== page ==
Homeowner's insurance is a great thing to have. It is based on paying back some or all of the damage or theft has done to a home, its associated structures like sheds, and the property within those structures.
It is important to note two things right away:
1. Homeowner's insurance does not cover some expenses like maintenance and certain types of natural disasters like floods.
2. Location matters in influencing risk and therefore insurance cost.
With that in mind, we can more clearly outline how a high-risk location from an insurer's perspective can dampen overall home expenses and affordability.
Scope of Coverage
Homeowners insurance covers:
1. Primary residence
2. Supporting structures such as a shed, fence, etc...
3. Theft or damaged property in the home
4. Legal defense and protection from liability in specific legal issues that relate to your home.
To some extent, location can influence all of these covered items. Here the focus will be on repair cost and "human factors" risk such as local crime.
In some cases, when earthquakes, floods and poor maintenance cause damage, you will have to buy two separate policies. It is all dependent on your insurance provider.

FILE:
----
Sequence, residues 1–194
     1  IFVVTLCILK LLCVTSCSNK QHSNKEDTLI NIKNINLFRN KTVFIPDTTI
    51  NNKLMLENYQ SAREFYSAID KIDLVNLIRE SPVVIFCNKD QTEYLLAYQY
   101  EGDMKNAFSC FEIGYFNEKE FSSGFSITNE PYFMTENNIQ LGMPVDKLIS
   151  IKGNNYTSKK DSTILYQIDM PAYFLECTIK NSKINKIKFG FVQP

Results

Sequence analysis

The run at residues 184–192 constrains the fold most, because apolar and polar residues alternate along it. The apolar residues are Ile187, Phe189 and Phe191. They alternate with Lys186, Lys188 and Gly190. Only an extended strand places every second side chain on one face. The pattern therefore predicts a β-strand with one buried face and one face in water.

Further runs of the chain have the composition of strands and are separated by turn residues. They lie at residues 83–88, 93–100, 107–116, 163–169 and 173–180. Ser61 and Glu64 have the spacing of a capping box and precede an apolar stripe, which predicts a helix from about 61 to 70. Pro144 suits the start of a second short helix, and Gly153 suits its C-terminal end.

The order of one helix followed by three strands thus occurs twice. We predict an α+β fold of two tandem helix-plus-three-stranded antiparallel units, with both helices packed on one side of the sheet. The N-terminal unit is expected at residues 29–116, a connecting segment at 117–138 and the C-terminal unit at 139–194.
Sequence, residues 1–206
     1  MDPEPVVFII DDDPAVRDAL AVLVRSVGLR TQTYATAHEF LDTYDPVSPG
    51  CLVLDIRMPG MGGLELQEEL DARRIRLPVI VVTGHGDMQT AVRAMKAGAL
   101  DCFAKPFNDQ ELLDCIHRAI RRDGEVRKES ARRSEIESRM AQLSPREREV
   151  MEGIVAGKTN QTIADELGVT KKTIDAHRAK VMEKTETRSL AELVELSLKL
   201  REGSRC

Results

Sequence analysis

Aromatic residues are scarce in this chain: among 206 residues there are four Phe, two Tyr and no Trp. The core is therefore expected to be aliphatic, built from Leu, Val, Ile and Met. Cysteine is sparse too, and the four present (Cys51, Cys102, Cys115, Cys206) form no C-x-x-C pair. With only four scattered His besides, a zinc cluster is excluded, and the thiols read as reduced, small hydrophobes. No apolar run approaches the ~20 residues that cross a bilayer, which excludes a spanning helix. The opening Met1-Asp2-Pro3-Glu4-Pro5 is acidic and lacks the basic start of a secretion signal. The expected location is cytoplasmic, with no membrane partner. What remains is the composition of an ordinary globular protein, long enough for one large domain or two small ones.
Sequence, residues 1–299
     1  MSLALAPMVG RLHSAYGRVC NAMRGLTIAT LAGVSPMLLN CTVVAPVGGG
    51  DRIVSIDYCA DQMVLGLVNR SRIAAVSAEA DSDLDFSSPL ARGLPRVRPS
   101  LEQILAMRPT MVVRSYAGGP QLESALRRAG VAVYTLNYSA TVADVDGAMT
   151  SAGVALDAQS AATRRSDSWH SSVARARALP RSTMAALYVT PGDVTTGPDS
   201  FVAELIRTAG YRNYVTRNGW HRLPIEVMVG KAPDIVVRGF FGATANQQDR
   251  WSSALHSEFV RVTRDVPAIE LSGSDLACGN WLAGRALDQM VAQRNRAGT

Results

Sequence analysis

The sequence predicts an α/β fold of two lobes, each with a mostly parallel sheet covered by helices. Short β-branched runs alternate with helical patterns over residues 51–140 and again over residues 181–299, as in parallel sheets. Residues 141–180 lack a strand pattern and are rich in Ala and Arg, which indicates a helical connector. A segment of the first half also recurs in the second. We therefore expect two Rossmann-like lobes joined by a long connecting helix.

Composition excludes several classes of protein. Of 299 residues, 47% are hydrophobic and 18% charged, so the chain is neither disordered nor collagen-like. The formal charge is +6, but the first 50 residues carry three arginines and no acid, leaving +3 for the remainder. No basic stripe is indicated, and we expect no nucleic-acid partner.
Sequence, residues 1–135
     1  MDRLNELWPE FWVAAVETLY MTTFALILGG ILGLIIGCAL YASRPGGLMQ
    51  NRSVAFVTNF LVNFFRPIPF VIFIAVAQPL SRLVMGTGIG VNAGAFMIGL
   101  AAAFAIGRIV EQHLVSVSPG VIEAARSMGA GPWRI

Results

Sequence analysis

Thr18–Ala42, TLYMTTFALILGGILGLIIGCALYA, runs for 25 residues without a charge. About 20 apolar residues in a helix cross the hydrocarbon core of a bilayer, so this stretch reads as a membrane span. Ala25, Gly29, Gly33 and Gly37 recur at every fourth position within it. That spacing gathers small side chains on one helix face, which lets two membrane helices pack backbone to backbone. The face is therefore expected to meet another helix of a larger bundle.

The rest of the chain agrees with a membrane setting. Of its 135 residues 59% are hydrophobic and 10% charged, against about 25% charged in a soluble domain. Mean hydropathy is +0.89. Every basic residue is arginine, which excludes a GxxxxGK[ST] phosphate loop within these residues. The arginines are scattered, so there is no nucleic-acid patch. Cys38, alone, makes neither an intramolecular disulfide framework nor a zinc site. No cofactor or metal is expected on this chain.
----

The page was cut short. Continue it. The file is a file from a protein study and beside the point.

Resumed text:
If your home is damaged in a fire, especially a wildfire, your homeowner's insurance may not cover all the repairs. But there are options. According to Walkup, Melodia, Kelly & Schoenberger, attorneys can help clients “maximize their insurance policy recoveries while also advising them on dealing with issues surrounding the process of rebuilding or relocating, depending upon their needs.”
So, be sure to check all of your options regarding your homeowner's insurance policy.
When repairing damage to a home, an insurer has to account for the "parts" and "labor" aspect of home repairs. Material costs do not vary wildly from place to place. However, labor costs can make a difference. For example, repairing home damage in San Francisco, California is more expensive than usual because any labor costs have to account for the overall high cost of living, and therefore, high wages, of the local professionals that will be doing the actual repairs. An identical home in rural Nebraska would cost far less to repair, therefore to insure, since labor costs are a much smaller dollar amount expense to the insurer.
Of course, crime will increase insurance costs. Therein lies a trap for would-be homeowners: a high-crime area may be judged as "worth it" since the house itself will be cheaper than elsewhere to compensate for the crime risk. However, insurance costs will be much higher than usual to account for the higher chance of theft, vandalism, and so on. Decreasing crime will increase home prices, but will depress insurance premiums.
Homeowners insurance costs are influenced by construction details of the house(s) covered, the value of property within a home, deductibles, and coverage scope. These are not location-specific variables that can be tweaked to offset high-risk location-based homeowners insurance expenses.